Brand Building In The Referral Generation

“Instead of creating content, we should be creating opportunities for content creation – instagrammable moments, inspiring experiences.” – Sophie Turton, eConsultancy

Every day millions of people are sharing their experiences with brands and products – the good, the bad and the ugly – through their social micro-actions, whether explicitly or subtly.

What about your product or brand experience is share-worthy? What would a tweet about receiving your product as a gift sound like? What Instagram filter would work best in showing off your product? What emoji would accompany a check-in to your location? And importantly, are you considering this when you’re developing your product or brand experience to begin with?

There’s a generation of companies who are building their brand and business on the back of these ‘everyday referrals’, and the referral behaviour and systems are built into their business models. Take a look at most ‘disruptive’ companies today – e.g., Uber, Birchbox,, Ocado, to name just a few – and at the most basic level, ‘refer a friend’ is a built-in reward system to get fans of their service to socially share and be monetarily rewarded. It’s likely how you heard of many of those companies to begin with.

screen-shot-2014-09-17-at-11-28-04-pmBut they don’t stop there – they truly consider the experience with their brand. Why did Uber deliver kittens to people around the world on World Cat Day? And free ice cream on World Ice Cream day? They want people to know about and love the personalised and unique experience they will get with Uber vs. any other local transport option – and the 1,000’s of positive social mentions these stunts generate are communicating this exactly, straight from the trusted consumers mouth.

Why does searching for ‘Casper mattress unboxing’ on YouTube lead to over 40,000 results, many with 1,000’s of views….for a mattress?!? The small but massively disruptive and growing company has prioritized the product delivery and unpacking experience, delivering first by bike in NYC. (Yes, you must now Google it as well – a mattress delivered by a bike!)

These are just a few examples of disruptive brands who are building their reputation not by pouring millions into massive brand campaigns, but who are putting their effort into their brand and product experience, and ensuring in-built shareable moments. People trust their peers, so with the experience optimised and mechanics in place to reward and incentivise social kudos, the newcomer brands are building strong business foundations on the back of passionate customers.

For some brands, this has led to enough success to spur more funding and the ability to invest in more traditional brand-building advertising techniques to really help them scale to the next level. Think Airbnb, with their ‘Is ManKind?’ global campaign, which has helped lead them to record host and lodger numbers, and brought their valuation above Hilton Hotels, making Airbnb the largest accommodation brand in the world. I’m doubtful this new brand and business model could have achieved this success without developing its passionate advocates first.

So the disruptors are getting it right, but what can long-standing brands do to also tap into these grassroots referrals and continue to grow their business (and attempt to minimise the threat posed by these disruptors)? Here are a few ideas:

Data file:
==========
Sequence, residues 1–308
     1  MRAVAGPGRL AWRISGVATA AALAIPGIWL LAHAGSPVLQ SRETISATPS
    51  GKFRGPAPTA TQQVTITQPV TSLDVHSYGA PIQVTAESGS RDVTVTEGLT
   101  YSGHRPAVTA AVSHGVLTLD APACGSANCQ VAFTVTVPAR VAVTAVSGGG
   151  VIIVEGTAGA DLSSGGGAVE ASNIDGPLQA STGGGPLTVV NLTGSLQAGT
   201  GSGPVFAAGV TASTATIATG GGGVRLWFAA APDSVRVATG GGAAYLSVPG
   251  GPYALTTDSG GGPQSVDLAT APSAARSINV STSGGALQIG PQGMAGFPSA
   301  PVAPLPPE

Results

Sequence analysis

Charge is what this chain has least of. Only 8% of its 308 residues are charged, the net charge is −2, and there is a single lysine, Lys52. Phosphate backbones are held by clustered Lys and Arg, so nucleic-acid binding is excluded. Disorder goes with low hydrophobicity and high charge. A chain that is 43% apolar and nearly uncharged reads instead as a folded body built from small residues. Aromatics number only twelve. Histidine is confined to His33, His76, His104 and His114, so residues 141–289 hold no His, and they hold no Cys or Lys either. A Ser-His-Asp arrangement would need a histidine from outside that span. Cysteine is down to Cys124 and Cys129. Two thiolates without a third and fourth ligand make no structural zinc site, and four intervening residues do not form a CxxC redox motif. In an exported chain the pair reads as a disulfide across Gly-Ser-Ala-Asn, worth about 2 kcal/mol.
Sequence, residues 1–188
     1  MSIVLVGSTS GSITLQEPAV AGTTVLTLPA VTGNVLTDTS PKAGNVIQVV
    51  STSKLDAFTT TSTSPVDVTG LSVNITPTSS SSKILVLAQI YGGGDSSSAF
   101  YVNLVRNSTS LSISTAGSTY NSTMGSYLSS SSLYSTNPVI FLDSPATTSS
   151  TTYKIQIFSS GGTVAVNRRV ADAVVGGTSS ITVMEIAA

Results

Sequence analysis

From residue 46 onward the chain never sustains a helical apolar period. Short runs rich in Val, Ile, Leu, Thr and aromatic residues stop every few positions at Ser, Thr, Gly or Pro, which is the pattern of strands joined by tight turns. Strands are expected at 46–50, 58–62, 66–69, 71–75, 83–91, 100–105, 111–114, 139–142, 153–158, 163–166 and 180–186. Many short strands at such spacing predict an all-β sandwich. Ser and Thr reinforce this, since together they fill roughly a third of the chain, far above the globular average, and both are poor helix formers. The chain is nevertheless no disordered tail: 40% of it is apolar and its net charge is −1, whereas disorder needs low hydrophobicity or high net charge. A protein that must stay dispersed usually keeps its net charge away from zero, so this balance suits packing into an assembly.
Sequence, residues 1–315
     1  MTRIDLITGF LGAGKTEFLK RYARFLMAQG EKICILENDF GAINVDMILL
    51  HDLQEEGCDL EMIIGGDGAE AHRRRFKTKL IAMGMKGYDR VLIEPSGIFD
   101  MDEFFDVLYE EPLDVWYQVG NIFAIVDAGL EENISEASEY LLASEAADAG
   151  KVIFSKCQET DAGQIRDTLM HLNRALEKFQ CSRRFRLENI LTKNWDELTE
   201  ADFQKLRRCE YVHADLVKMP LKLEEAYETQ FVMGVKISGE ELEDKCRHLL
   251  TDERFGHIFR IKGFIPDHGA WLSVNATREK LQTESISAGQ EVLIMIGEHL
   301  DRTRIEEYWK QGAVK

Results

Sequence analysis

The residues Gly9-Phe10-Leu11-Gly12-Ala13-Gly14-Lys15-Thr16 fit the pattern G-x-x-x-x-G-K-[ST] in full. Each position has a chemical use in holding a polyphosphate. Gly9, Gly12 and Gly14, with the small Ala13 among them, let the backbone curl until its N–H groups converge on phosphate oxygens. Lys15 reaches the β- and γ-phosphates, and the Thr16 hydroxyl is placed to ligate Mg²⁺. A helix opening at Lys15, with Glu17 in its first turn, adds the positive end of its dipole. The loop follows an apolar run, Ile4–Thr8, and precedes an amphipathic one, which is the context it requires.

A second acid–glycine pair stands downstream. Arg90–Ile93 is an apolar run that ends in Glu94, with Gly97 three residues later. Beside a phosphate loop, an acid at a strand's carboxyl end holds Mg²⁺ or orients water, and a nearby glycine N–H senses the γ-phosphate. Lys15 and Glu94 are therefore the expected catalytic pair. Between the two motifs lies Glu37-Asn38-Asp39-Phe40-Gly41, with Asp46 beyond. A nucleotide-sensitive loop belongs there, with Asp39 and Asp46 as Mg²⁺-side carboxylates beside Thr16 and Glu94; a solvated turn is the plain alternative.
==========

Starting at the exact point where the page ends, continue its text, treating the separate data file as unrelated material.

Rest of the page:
• Packaging tweaks: these are an obvious – and potentially simpler – way to integrate impactful design and messaging cues into your customer experience. Think Innocent with its hidden messages and playful copy; or Apple with their sleek, beautiful boxes. What share-worthy surprise could you integrate into your packaging or unboxing experience?
  • Event activation: many big brands already put significant money into events or sponsorships – festivals, fashion week, sporting events, tech conferences, etc. – but often the impact is still limited to those who can make it in-person. Social activation of these events is critical. Special effort around awarding of tickets is also key; e.g., which of your customers (or other trusted influencers) are likely to share, and whose shares could have the biggest impact?
  • CRM prioritisation: simply put, reward loyalty. This comes with many challenges (e.g., how do I even know who my customers are when they buy in-store from a retailer?), but if you have a database, you should begin activating it. There are some great start-ups that have emerged to try to help easily manage referral schemes through email and social tactics – they could be a good starting point.
  • Retailer opportunities: big brands often have long-standing, trusted relationships with retailers, giving them a chance to make the in-store (or eCommerce) experience unique. Think beautiful Instagram-worthy displays, unique product demos, and more. Make social sharing explicit into these custom experiences.
  • Omni-channel experience: this is often the trickiest thing for big brands, many of which are on dated legacy IT systems, to get right. And it’s where the new disruptors typically excel. Across desktop, mobile, tablet, in-store, on email and with customer service, consumers expect a seamless experience, i.e., data to be connected, shopping carts to be transferred, same offers to be presented, details to be remembered. A long-term plan to conquer this must be built.

Content is key to engaging with rather than just interrupting consumers. But, in the age of micro referrals everywhere we scroll, it might just be that inspiring consumers to create content – through your products, services and brand experience – is where you should really be focusing.

This is the first in a series of content on ‘Category Disruptors: what big brands can learn from marketing in the sharing economy.’ We welcome your thoughts and input – please comment or tweet @oliviarz.

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